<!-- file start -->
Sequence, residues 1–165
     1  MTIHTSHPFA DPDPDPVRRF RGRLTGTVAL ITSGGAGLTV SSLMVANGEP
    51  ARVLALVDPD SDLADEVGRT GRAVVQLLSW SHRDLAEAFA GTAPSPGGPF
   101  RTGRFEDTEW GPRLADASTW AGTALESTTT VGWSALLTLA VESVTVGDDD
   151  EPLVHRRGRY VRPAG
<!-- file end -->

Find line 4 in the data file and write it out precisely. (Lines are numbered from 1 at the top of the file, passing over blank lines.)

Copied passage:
   101  RTGRFEDTEW GPRLADASTW AGTALESTTT VGWSALLTLA VESVTVGDDD